Non surgical endodontic treatment is a predictable and reliable treatment with high success rates ranging from 86%–98% . Nevertheless, for a variety of reasons, endodontic failure still occurs, and presence of clinical signs and symptoms along with radiographic evidence of periapical bone destruction indicates the need for retreatment.
The first and most important step for retreatment planning is to determine the cause of endodontic failure.
The failure of the root canal treatment is generally attributed to either residual or resistant intraradicular microorganisms surviving cleaning and shaping procedures or new microorganisms invading the canals via miclroleakage. Rarely some persistent lesions may be attributed to extraradicular infection, foreign body reaction or a true periapical cyst. Moreover, the outcome of root canal retreatment is less favorable than the initial treatment.
Endodontic failure related to microorganisms can be caused by procedural errors such as root perforation, ledge formation, separated instruments, missed canals, as well as anatomical difficulties such as apical ramification, isthmuses, and other morphologic irregularities. Nevertheless, a precise diagnosis can be made only after surgery or extraction. A precise inspection of the root apex or resected root surface is one of the best advantages of endodontic microsurgery. It helps identify the cause of endodontic failure, so that causative factors can be removed completely during the surgical procedure.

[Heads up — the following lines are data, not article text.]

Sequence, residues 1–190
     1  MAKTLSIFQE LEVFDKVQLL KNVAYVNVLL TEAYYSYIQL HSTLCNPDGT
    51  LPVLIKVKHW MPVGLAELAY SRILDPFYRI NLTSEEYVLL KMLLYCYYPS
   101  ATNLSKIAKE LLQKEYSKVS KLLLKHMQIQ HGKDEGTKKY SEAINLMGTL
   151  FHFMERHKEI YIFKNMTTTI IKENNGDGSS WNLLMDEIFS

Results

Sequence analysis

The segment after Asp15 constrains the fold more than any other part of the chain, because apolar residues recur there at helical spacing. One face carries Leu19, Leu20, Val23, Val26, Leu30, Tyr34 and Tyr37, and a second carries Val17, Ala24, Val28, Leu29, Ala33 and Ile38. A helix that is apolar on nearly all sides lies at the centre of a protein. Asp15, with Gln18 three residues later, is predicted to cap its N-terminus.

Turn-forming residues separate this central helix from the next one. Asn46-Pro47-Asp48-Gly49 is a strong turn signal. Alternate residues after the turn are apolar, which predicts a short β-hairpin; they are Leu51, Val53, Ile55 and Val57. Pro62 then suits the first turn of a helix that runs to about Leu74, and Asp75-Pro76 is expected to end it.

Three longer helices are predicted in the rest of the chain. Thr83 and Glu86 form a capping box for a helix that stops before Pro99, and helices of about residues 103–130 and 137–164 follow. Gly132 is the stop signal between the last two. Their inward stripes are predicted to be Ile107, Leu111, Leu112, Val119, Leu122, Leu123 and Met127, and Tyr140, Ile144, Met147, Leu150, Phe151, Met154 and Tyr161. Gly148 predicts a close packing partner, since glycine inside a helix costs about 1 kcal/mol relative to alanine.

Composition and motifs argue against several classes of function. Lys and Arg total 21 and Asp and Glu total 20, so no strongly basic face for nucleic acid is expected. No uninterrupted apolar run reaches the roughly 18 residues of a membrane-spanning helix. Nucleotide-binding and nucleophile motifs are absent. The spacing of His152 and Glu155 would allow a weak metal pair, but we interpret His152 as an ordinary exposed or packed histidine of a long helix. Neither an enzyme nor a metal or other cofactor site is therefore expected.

This new lecture is about analyzing the cause of my personal retreatment failures by using microsurgical techniques. It seems that apical dentinal cracks dominate my failures.
Preventive measures, risk factors and treatment options are also discussed.
Chaniotis Antonis graduated from the University of Athens Dental School (Greece) in 1998. In 2003 he completed the three-year postgraduate program in Endodontics at the University of Athens Dental Sch...See Bio